TOPEKA (KSNT) – Auditors looking at Kansas Department of Labor unemployment claims believe there was 700M fraudulent claims from January 2020 to February 2021. It was estimated by the auditors that $2B worth of fraud was stopped.
Kansas paid about $2.8 billion in unemployment benefits from Jan. 2020 to February 2021; of that total LPA estimates about $700 million or about 25% may have been fraud.
Exactly how many fraudulent unemployment claims were filled is still trying to be determined. The state’s labor department said it’s standing by the claim that state auditors released “flawed” estimates of the amount paid out in fraudulent claims in 2020.
“LPA’s estimate of $600 million in potential fraud is seriously flawed, and should be withdrawn,” The Kansas Department of Labor said earlier this year.
The state’s labor department released a report estimating $290 million in fraud payments.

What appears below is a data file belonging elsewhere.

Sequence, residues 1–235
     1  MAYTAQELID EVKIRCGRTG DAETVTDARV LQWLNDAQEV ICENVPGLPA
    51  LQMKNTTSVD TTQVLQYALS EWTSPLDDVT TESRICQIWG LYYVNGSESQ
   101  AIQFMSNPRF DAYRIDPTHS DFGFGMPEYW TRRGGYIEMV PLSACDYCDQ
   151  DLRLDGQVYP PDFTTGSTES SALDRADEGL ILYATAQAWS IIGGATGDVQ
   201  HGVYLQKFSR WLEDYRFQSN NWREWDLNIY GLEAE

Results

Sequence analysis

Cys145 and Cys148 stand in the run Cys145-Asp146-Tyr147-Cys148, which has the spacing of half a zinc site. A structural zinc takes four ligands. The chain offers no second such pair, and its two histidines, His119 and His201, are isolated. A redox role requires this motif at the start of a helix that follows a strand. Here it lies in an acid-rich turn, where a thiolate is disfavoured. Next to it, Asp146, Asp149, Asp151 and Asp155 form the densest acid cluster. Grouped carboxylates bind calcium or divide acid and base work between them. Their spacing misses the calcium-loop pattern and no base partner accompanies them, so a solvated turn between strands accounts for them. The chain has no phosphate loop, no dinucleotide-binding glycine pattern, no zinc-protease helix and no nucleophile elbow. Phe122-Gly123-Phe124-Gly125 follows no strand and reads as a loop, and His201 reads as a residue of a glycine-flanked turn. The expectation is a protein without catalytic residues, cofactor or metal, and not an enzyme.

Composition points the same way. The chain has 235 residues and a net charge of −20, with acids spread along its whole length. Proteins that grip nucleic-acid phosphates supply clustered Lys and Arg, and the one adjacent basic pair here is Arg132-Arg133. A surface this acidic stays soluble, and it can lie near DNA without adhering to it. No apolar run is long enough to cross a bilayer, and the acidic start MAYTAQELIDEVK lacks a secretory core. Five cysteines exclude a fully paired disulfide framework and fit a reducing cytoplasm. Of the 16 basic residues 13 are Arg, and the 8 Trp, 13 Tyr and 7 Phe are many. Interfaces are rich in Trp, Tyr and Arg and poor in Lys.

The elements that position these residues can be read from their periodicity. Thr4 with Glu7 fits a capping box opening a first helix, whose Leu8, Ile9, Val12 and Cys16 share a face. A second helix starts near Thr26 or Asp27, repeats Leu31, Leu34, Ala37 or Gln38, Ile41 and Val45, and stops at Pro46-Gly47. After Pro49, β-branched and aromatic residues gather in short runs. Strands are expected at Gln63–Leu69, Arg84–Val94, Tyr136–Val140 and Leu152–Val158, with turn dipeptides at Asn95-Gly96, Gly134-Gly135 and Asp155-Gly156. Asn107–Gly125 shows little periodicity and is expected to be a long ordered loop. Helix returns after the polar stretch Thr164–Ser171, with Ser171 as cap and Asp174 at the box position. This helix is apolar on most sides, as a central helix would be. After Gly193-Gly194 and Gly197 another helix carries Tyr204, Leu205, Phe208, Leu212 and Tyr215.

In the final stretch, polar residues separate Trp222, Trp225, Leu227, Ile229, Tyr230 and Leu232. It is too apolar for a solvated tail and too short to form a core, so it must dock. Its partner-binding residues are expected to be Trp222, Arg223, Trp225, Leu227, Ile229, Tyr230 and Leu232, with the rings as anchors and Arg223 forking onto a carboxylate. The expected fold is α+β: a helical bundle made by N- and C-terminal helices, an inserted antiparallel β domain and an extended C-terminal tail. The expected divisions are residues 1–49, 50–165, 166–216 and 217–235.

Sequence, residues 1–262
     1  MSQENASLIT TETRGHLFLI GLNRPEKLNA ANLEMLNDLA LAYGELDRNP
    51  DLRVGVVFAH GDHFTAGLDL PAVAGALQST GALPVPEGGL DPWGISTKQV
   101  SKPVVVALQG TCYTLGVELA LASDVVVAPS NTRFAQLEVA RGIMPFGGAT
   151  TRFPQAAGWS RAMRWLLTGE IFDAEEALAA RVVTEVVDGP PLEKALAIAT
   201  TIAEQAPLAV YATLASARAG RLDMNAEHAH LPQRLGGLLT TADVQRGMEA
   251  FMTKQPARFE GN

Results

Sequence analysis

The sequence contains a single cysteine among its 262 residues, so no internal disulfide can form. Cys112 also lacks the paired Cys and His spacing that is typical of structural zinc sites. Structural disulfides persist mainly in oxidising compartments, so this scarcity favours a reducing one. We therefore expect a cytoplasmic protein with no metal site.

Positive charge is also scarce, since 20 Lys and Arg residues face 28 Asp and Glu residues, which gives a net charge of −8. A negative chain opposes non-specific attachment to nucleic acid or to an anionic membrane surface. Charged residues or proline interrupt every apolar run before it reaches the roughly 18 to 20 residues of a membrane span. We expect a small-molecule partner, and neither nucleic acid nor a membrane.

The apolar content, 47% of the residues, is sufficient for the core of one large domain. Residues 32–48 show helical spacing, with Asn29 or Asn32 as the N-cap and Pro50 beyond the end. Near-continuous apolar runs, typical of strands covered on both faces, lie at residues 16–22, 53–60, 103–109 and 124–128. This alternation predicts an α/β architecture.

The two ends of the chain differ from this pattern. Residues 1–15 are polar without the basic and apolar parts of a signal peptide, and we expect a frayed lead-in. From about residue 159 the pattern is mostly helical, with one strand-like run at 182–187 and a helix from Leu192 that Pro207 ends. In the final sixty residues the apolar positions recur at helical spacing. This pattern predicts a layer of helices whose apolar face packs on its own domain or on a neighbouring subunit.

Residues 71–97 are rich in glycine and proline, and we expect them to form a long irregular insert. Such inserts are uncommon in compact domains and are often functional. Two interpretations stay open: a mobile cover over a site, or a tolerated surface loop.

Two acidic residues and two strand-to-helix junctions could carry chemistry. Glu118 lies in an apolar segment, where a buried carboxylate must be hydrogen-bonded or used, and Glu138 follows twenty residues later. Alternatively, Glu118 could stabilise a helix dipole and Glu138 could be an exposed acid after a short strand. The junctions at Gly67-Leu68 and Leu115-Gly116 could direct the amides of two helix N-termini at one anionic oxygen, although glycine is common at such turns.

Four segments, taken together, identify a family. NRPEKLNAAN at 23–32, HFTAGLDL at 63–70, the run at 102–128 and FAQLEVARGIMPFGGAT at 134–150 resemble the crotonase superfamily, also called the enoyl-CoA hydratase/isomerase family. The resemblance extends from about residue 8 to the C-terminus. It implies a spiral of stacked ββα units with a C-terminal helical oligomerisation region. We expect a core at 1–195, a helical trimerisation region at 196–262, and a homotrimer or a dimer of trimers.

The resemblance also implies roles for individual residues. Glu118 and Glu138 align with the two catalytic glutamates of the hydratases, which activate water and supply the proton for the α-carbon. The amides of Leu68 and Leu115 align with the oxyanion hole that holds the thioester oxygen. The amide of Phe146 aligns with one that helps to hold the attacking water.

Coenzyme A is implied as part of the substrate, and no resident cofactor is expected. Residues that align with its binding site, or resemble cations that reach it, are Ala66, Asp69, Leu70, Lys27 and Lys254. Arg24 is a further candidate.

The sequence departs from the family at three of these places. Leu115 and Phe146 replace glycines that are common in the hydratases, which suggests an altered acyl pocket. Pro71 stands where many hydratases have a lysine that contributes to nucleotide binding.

State auditors estimate that of the $600 million in fraud payments, $200 million was lost in state funds and $400 million were lost in federal funds.
Unhappy with the conclusion of the audit Kansas Governor Laura Kelly requested an additional audit.
The LPA is now releasing part 2 of their audit which officials hope will give a “more precise” number of fraudulent claims paid out.
Auditor Matt Etzal told the committee that the code that operated the KDOL system dated back to the 1970s. He cited three main causes for the delays, rapid changes happening during the pandemic, historically high unemployment claims, and an old computer system that was under a significant amount of strain on the mainframe.
The results of that strain led KDOL to believe those eligible for benefits were mistakingly told they were not eligible.
KDOL only had 33 trained individuals to answer calls for unemployment claims. Despite the addition of additional staff, Etzal told the committee more calls were not answered.
From January 2020 to February 2021 auditors believe there may be 700M in fraud. Etzal told the committee that 343M came from federal funds and 344M were state funds.
Claims increased from 3,000 in Feb. to 6,000 in March, causing the system to break down periodically.